Te Tohorā Me Te Kauri

Sept. 1, 2018, 4:08 p.m.

The relationship of the tohorā (whale) and the kauri tree has resurfaced as both of these precious taonga (gifts) have been under extreme threat in recent times.

Aotearoa has one of the highest rates of cetacean strandings in the world with an average 300 a year meaning local iwi involvement is vital to the process of whale removal.

Ties between Mᾱori and the whale species have been intrinsic throughout history, viewed as guardian’s integral in guiding voyages, saving navigators from death and linking iwi ancestry such as Ngᾱti Kuri o Ngᾱi Tahu.

It is the protocols of local hapῡ which help govern the management of strandings from a Mᾱori perspective.  Patuharakeke recognised the inherent need for the traditional practice after a mass stranding of pilot whales in 2006 and commented that stranding’s need to be viewed as a valuable opportunity for hapῡ to revive mᾱtauranga and exercise kaitiakitanga.  Ngᾱti Wai also have a well established protocol which is routinely called upon to help other hapῡ with marine mammal strandings.

Kaumᾱtua and expert in whale recovery, Hori Parata has flensed close to 500 whales and said from the moment the tohorᾱ washes upon the shore, whales must be acknowledged as whānaunga who have returned to us based off the relationship of the tohorᾱ and the kauri tree which saw Tᾱne (God of forest) gift the whale to Tangaroa (God of sea).  With pollution attributing to whales falling sick, it is critical to make the connections between the similar struggles of the kauri tree vulnerable to the killer dieback disease and the tohorᾱ strandings.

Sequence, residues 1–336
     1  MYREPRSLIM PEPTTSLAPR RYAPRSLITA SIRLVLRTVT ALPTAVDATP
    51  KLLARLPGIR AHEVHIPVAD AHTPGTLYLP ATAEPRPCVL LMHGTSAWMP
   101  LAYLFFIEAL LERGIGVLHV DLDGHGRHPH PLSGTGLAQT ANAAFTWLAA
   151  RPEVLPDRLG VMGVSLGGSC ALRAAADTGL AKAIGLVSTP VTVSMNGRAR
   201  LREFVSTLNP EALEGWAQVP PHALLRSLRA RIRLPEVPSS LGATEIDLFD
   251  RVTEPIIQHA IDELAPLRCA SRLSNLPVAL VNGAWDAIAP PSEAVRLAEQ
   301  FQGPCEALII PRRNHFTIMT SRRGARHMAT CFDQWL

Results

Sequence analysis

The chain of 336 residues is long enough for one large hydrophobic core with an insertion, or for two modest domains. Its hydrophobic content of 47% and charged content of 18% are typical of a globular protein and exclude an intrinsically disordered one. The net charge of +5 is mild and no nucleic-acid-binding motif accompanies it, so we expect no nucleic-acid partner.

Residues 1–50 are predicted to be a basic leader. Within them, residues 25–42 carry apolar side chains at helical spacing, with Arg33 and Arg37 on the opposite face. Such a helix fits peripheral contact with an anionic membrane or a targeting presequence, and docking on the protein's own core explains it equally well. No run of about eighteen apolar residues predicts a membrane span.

“When Tᾱne was making the kauri tree, he decided to make a whale and the korero around the whale coming back and talking about its experience on the ocean.

“It is from this standing that Mᾱori can begin to understand the connection…that is how we begin to establish the cultural context of what are we doing this for? Why are we down here boning this whale?” Parata said.

Rongoa practitioner, Peter Kitchen also agrees with this kindred relationship and said everything that happens in the sea will always wash up on the shore and the links between the Kauri tree and whales are strong.

“Our whales are coming up and dying on our beaches and a lot of the time their tangi is for their brothers and sisters in the ngᾱhere,” Kitchen said.

Karakia is the basis of traditional flensing as the whale is given passage to move from one life to another with the naming of the toharᾱ being an acknowledgement of the continuing whakapapa as resources are given a new life.

“We acknowledge the whale as being our tuakana…. You are finished with wandering around on the ocean and now we are going to give you a second life…. Te oranga tokorua.”


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